“The war on drugs has been especially horrific for the African American community,” said Sanders. “Turns out whites and blacks use marijuana in about equal levels, but blacks are almost four times as likely as whites to get arrested for possession.”

 

Sanders smashmouthed the $3 billion set aside for the jails in Los Angeles. Instead he was in favor of using that money for educating the juveniles he cited were at an 85% illiteracy rate.

 

“Here in California it costs twice as much money to put somebody in jail, than it does to put them in the University of California,” said Sanders.

 

Sanders cited the nation needs to come to terms with mental health and addiction as health issues and not criminal issues.

 

“Police officers all over this country need to understand that lethal force is the last response and not the first response,” said Sanders. “No more jails. No more incarceration.”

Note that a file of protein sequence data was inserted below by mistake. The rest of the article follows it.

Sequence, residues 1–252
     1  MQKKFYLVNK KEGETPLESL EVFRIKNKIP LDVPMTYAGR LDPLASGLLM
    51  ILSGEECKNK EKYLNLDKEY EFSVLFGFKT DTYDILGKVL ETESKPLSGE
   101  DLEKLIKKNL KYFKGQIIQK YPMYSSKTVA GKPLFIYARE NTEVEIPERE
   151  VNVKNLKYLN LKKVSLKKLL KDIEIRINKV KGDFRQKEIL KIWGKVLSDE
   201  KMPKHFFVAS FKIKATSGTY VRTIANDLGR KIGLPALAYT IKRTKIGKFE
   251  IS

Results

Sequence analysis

Then Sanders turned and walked off the stage waving to a crowd that got on their feet and wouldn’t stop the applause. Another full minute of applause and cheering went on for the Senator.

 

There is a tinder box happening already though. During the speech, there were Progressives who got up and protested “Free Palestine! Free Palestine!” Others chanted protests against DC, and still others booed from somewhere in the crowd showing the rally had been infiltrated by a Trump supporter or other candidate. It showed the tinder box of the 2016 campaign was nothing compared to what lies on the horizon for 2020. This crowd was not only happy to have the hint Bernie will run in 2020, but appeared ready for the fight to come.